As we all know there is no such thing as a free lunch and Forex Brokers need to make sure people don’t take advantage of their generosity when awarding bonuses.
In the above example two, you can’t just deposit $5,000, get a free $5,000 and then immediately withdraw $10,000 to your bank account. If that was the case you could retire in a couple of weeks and put a lot of companies out of business.
To prevent instant ruin, brokers put in place terms and conditions and we typically see two types of conditions and these are, “Bonus Amount Not Withdrawable”and “Bonus Amount Withdrawable”
Bonus Amount Not Withdrawable
With this type of condition, it means only the profits from a bonus are withdrawable, but not the bonus amount itself.
- You Deposit $5,000
- Broker matches your deposit (100%) and credits you a $5,000 Bonus
- You now have a Trading Balance of $10,000
- You begin trading and make a profit of $2,000
- Your balance is now $12,000 (balance+profit)
- Amount you can withdraw: $6,000 (balance/2)
- You Deposit $250
- Broker matches your deposit (100%) and credits you a $250 Bonus
- You now have a Trading Balance of $500
- You begin trading and make a loss of $100
- Your balance is now $400 (balance+profit)
- Amount you can withdraw: $200 (balance/2)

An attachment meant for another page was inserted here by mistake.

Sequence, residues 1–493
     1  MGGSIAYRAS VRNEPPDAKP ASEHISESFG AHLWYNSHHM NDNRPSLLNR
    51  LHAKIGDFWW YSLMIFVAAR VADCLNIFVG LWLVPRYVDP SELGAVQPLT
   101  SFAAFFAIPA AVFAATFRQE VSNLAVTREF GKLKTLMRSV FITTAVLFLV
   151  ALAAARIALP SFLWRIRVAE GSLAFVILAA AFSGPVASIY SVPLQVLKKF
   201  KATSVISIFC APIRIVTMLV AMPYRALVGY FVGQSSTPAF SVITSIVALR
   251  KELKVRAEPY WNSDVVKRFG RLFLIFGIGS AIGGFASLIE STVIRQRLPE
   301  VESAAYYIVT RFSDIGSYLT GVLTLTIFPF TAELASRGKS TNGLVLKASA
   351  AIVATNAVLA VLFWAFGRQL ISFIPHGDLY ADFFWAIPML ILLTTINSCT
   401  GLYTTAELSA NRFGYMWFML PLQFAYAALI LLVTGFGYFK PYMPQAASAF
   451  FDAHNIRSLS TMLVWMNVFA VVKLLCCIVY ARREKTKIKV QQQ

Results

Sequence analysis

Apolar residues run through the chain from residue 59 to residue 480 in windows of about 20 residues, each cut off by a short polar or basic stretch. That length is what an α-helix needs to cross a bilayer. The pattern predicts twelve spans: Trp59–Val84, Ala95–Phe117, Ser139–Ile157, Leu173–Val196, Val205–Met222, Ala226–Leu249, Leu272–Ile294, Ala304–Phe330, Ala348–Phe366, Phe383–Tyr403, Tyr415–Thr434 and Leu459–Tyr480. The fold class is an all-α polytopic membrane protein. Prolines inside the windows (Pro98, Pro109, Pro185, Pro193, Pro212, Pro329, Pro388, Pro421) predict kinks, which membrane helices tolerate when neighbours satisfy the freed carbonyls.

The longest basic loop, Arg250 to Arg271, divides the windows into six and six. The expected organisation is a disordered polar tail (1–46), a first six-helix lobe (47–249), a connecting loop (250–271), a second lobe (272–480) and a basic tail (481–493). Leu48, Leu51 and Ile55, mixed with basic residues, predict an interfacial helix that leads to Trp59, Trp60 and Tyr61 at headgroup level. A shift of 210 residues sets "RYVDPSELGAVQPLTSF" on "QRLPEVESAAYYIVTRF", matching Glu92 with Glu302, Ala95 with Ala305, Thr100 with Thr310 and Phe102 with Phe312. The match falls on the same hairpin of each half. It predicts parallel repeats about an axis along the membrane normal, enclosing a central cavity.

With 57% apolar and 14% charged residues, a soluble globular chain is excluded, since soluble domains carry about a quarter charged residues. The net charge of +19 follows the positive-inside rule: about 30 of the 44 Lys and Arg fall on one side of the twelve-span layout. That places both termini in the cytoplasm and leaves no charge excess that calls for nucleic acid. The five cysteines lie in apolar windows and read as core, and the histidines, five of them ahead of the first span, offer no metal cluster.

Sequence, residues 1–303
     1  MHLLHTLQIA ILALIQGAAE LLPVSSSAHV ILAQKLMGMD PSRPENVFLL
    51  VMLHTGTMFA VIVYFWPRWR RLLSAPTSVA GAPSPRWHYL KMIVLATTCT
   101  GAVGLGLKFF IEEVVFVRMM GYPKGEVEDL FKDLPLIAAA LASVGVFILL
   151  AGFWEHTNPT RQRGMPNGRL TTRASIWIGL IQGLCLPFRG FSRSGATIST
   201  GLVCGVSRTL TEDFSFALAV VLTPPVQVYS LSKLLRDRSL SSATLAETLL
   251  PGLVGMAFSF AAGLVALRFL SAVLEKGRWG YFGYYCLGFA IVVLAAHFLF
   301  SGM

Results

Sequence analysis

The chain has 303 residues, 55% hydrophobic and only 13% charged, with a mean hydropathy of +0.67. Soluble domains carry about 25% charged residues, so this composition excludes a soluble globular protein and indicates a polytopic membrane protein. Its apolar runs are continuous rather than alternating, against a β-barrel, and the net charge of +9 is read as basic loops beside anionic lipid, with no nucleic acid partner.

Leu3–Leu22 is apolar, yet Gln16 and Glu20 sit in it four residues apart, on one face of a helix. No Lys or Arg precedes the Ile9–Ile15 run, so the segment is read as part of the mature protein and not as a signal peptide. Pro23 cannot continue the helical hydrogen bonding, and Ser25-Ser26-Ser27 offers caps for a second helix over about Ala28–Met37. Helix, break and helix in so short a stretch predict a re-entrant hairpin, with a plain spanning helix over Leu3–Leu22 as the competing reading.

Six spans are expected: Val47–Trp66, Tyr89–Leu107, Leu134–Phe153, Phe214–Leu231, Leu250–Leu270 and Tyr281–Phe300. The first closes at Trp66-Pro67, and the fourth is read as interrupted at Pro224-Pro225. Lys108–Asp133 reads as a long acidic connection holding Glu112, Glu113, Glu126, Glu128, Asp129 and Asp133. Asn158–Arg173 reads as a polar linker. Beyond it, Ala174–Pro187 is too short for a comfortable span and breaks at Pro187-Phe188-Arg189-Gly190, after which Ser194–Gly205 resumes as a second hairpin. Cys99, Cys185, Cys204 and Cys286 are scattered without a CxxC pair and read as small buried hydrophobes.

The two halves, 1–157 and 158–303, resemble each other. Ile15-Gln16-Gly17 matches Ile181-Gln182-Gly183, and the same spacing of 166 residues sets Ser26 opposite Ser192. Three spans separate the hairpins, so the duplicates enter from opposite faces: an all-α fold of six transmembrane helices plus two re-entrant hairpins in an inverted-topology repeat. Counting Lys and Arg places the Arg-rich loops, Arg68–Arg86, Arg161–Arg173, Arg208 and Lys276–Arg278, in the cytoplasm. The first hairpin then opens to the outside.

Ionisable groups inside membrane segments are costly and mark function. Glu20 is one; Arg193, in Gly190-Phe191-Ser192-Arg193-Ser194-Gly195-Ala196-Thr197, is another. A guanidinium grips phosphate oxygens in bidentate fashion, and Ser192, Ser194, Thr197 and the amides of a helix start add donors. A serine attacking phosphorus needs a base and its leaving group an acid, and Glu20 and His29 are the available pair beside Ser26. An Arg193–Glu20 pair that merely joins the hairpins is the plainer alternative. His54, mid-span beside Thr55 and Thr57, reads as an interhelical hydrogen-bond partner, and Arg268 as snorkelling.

As you can see as 50% of your beginning trading balance is bonus funds, you are entitled to withdraw 50% of the closing balance. This seems fair as the broker has provided 50% of the trading funds that you started with.
Bonus Amount Withdrawable
In this type of bonus, the bonus amount (and profits) are withdrawable, however, trading requirements need to be met. Typically you need to trade a certain amount of “Lots” per $10 dollar of bonus money credited.
If the terms of the bonus requires you trade to one “Lot” of a currency pair per $100 dollars of bonus credited. If you were awarded $500 bonus, you would have to trade at least 5 “Lots” in order for the bonus funds to become eligible for withdrawal.
A “Lot” is forex jargon for $100,000 trade size, which translates into plus or minus $10 per Pip movement. HOWEVER, don’t stress if these seem like big numbers, you can also trade much smaller amount at any one time for example a “Mini-Lot” which is $1 per pip or even a “Micro-Lot” which is $0.10 per pip! These smaller trades all count towards the minimum trading requirement and will help you manage your trading balance in a prudent way!